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Photosynthesis, Global Warming and Plants. Chapter Two.

Nov 01, 2020

An understanding of the 3 Carbon Fixation Plant Categories.

As we found out in the previous chapter, we discovered an idea that this whole C02 thing and all that goes with it is simply life on this planet. Is an ongoing process. However, in this chapter, we will pick up in the area where we left off in the last chapter and go into specific details of each of the 3 main plant types and their relationship to providing the necessary elements for life. In later chapters, we will look into some interesting concepts of applications for us as individuals as well as how it all affects the quality of the plants as well as animal life forms.

The 3 main plant types are the C-3, the C-4, and the CAM types of plants. This nomenclature is of a scientific nature when referencing how the plants take in and process C02, generally into Carbon and Oxygen. This specific naming process and the identification of the Carbon fixing pathways were discovered in the early '60s. Outside of this specific scientific identification process, the plants are sometimes referred to this family name as follows; Mesophytes. For the most part, most C-4 plants fit into this category. When I say most, there are some C-3 plants that have adapted or have developed the ability to function as a C-4 plant or in the conditions of a Mesophyte plant. So as a general rule for understanding we usually refer to Mesophytes as a C-4 type of plant. The Hydrophytes plants or family of plant types are for the most part C-3 type plants. Although the descriptions are not exactly the same in a cross over type of identification, it does help to view them in this aspect in an effort to get your head around the idea for plant identification. Lastly, we have Xerophytes. These can be viewed as a CAM type of plant. I use the term "Generally" as the 3 names and the 3 Carbon fixation pathway plants do not fit hand in glove with each other in the 3 groups on each side, but overall, it does get you into the neighborhood. One must keep in mind that the C-3 type plants cover about 90% of the pants on this planet while the CAM types take in about 3% of the plants on this planet. In some circles, it is claimed that the C-4 plants make up about 3% of the plants as well. But since most groups are in agreement that 90% for C-3 is correct and the 3% for CAM is correct, I fail to see how the C-4 accounts for 3% of the plants. According to my math, the C-4 should be at 7% of the plants worldwide, so we shall go with the C-4 being 7% of the plants worldwide. So, remember, C-3 at 90%, C-4 at 7% of the plants, and CAM at 3%. So those figures should account for 100% of the plants on this planet. Of course, some of these plants within each group have the ability to adapt to a different pathway when conditions require them to do so, but not all plants have this ability.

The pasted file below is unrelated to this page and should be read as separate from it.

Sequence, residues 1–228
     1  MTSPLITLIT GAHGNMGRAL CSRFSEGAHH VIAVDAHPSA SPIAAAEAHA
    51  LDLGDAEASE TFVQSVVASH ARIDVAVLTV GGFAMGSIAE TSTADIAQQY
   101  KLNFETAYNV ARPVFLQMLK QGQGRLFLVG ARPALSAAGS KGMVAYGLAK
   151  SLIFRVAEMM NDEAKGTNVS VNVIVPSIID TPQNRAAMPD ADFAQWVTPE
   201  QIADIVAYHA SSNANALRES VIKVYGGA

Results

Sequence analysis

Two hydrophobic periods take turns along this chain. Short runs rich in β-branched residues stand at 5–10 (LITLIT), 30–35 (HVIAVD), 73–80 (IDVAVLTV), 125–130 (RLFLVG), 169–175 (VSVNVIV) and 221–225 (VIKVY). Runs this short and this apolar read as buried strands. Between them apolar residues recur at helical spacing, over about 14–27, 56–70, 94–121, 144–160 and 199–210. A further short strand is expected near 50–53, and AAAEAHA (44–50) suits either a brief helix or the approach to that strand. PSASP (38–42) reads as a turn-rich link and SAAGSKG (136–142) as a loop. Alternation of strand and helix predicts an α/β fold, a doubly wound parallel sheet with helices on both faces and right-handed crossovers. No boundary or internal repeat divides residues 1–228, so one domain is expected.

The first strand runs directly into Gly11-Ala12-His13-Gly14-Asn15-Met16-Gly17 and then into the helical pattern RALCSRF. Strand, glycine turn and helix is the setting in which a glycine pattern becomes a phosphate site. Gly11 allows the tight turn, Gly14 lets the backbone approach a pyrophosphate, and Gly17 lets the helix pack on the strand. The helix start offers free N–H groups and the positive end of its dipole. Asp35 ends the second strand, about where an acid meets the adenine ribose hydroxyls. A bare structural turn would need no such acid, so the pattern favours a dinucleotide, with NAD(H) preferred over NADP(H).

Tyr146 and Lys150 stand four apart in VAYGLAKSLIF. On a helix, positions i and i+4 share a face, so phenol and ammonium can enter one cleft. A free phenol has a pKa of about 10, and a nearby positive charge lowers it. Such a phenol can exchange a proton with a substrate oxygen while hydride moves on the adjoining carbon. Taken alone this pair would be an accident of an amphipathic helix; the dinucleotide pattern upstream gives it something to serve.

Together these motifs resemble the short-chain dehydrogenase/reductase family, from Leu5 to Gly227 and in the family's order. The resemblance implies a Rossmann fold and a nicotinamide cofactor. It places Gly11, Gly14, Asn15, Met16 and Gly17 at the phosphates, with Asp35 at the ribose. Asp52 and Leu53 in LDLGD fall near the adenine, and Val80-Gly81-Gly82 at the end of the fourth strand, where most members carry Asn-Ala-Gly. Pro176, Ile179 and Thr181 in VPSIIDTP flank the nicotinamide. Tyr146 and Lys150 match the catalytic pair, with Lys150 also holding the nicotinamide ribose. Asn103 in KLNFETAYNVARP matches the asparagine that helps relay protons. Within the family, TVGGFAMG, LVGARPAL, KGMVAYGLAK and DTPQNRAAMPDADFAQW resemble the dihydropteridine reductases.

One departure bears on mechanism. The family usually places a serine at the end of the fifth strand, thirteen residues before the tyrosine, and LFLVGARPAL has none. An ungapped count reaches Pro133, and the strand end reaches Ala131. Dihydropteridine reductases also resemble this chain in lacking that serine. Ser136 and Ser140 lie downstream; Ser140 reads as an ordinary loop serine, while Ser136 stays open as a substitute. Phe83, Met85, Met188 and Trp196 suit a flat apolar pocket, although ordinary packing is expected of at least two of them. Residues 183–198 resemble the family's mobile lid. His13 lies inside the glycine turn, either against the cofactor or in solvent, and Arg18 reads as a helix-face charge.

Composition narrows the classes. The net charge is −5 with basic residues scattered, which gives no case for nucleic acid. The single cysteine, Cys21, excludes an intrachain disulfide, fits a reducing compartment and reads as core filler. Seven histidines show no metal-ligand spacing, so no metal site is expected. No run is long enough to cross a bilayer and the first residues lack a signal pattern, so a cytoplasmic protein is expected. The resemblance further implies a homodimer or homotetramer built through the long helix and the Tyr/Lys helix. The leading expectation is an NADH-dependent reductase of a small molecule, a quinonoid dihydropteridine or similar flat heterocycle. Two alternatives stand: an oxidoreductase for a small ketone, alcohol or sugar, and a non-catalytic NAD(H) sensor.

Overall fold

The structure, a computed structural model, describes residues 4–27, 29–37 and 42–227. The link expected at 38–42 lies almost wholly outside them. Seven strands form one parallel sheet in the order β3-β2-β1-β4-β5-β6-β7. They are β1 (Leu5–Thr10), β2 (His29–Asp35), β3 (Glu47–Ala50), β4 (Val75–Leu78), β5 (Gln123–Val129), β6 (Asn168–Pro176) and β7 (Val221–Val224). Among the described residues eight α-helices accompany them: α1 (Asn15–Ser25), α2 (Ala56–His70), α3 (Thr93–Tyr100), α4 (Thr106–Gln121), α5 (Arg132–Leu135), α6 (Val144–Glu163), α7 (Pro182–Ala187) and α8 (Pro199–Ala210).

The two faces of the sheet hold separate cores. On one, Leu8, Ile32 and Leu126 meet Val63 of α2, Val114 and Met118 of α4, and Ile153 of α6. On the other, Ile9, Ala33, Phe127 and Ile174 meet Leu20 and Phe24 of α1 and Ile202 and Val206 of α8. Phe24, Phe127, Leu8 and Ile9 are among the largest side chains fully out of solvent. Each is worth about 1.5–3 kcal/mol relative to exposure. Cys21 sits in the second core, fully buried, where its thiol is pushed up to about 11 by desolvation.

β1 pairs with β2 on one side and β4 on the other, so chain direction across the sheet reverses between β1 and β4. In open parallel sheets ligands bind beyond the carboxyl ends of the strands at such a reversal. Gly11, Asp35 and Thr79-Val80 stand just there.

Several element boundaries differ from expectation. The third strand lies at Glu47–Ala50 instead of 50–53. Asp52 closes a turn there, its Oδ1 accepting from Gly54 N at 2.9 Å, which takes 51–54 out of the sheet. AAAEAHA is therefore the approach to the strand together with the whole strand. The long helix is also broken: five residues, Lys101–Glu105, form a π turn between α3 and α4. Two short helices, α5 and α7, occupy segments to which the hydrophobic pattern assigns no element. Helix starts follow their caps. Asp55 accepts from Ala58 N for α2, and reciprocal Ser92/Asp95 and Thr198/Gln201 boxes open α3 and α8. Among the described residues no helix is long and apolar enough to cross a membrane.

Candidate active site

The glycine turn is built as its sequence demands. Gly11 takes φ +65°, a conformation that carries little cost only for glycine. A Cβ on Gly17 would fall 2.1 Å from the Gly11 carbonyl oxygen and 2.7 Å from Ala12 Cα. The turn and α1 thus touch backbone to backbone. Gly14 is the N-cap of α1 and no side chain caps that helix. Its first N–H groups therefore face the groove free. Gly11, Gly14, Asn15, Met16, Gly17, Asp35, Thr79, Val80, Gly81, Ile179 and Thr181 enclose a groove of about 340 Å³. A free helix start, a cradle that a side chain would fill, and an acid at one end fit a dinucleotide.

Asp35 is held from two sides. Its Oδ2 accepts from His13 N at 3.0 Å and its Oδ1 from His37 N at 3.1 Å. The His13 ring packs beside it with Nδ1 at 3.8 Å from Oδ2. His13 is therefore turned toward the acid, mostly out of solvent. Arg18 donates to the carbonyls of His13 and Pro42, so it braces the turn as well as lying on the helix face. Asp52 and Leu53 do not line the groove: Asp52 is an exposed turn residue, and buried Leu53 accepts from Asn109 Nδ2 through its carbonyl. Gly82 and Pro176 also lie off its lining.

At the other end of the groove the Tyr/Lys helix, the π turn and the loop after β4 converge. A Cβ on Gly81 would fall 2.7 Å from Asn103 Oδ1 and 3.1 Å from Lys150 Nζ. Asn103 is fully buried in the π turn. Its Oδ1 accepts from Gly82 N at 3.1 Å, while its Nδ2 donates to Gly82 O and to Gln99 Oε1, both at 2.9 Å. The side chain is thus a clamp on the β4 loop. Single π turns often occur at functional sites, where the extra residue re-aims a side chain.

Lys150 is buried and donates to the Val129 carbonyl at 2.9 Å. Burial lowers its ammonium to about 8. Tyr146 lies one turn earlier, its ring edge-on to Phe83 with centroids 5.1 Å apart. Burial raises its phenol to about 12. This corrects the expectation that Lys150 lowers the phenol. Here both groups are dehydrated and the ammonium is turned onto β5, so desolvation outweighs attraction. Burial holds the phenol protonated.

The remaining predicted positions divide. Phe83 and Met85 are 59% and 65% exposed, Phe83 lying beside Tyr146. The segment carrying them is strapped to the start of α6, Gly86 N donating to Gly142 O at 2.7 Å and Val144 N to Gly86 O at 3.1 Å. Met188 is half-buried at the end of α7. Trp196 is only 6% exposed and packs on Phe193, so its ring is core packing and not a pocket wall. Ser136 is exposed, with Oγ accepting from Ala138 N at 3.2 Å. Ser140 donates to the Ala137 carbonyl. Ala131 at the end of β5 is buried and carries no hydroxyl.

C-3 type plants;
The C-3 plants do well in the 50, 60 degrees F. range. As the temperature goes down into the '40s and even down to freezing at 32 degrees F., they will grow but will do so very slowly until they freeze. Now on the upper end when the temperature gets up to the 77-degree range, they will grow very well. But at about that 77-degree point, they start slowing their growth and begin to go into dormancy. Most of the time, once they get to the 85-degree range, they will outright just die or be into full dormancy. Now one must keep in mind that we are talking about the temperature at the leaf. If they have any kind of water around the plant or the plant is hydrated sufficiently, then a cooling effect will take place functioning much like an evaporator cooling system might cool the air, and essentially the leaf. But if it is dry, as in no water, then when these plants hit that 86 range, they will die. An example of this is when people try to grow a C-3 type plant in the dry deserts. For example Kentucky Bluegrass. Have you noticed that when you visit an area or even live in one of these full-blown deserts, that a patch of grass will be thriving during the winter months, yet when you see that same patch of grass in the middle of the soaring summer heat these desert environments, by all accounts it looks like someone forgot to water the grass and let it die? The grass isn't dead, as long as there is some moisture in the soil, but rather these C-3 plants, in this case, the grass, has gone dormant. Once the temperatures drop and there is enough moisture in the soil, these plants will come out of dormancy and once again thrive. The only way to keep these plants from going into dormancy in the upper heat range is to water the daylights out of them, or water them enough to keep the leaf temperature down in the 77 degrees or lower range by basically turning the blades of the grass, ie; the leaves into a form of an evaporate cooler. But this is extremely costly by way of resources and at the same time running the risk of creating a disease haven for numerous plant pathogens to thrive and actually kill the plants. This is an illustration of why you need to know this aspect so that you can make the right types of decisions as to what plants to plant for your specific local. In simple terms, a C-3 plant will really struggle in the C- 4 dominant environment during hot summer months. But you can have the C-3 plants during the cooler season in the C-4 environment and do very well with them. You can do well with C-3 type annuals in the cool season of the hot deserts by planting them in the fall when temperatures cool down, if you are in the lower elevations within the southern latitudes of the US, for example. All plants are basically the C-3 type with 2 variations. Those are the CAM and C-4 types. Those will be discussed within the next 2 paragraphs.